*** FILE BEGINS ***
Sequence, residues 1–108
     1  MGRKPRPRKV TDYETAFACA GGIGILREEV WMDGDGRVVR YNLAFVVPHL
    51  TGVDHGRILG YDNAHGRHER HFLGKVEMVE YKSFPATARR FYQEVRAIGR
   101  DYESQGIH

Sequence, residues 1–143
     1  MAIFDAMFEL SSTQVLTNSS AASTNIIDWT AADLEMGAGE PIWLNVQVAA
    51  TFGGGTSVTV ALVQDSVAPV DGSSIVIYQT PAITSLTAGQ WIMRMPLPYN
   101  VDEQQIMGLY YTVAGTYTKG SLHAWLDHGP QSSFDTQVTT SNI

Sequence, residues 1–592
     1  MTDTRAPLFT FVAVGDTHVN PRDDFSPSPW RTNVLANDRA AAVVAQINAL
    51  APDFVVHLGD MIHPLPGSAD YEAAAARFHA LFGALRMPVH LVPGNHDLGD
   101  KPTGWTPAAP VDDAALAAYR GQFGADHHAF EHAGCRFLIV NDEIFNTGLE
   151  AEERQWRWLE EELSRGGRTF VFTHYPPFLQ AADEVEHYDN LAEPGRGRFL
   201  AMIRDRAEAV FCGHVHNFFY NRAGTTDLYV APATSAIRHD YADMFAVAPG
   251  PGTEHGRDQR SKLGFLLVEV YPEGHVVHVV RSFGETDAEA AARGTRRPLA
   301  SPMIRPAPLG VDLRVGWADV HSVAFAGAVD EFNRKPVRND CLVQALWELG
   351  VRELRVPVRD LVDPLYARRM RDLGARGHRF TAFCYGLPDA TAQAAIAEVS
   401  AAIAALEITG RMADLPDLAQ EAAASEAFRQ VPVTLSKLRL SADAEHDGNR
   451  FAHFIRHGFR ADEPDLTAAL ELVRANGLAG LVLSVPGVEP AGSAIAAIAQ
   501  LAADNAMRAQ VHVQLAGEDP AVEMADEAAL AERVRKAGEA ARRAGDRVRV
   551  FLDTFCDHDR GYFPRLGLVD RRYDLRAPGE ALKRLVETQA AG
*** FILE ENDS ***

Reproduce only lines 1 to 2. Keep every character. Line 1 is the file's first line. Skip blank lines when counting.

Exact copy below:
Sequence, residues 1–108
     1  MGRKPRPRKV TDYETAFACA GGIGILREEV WMDGDGRVVR YNLAFVVPHL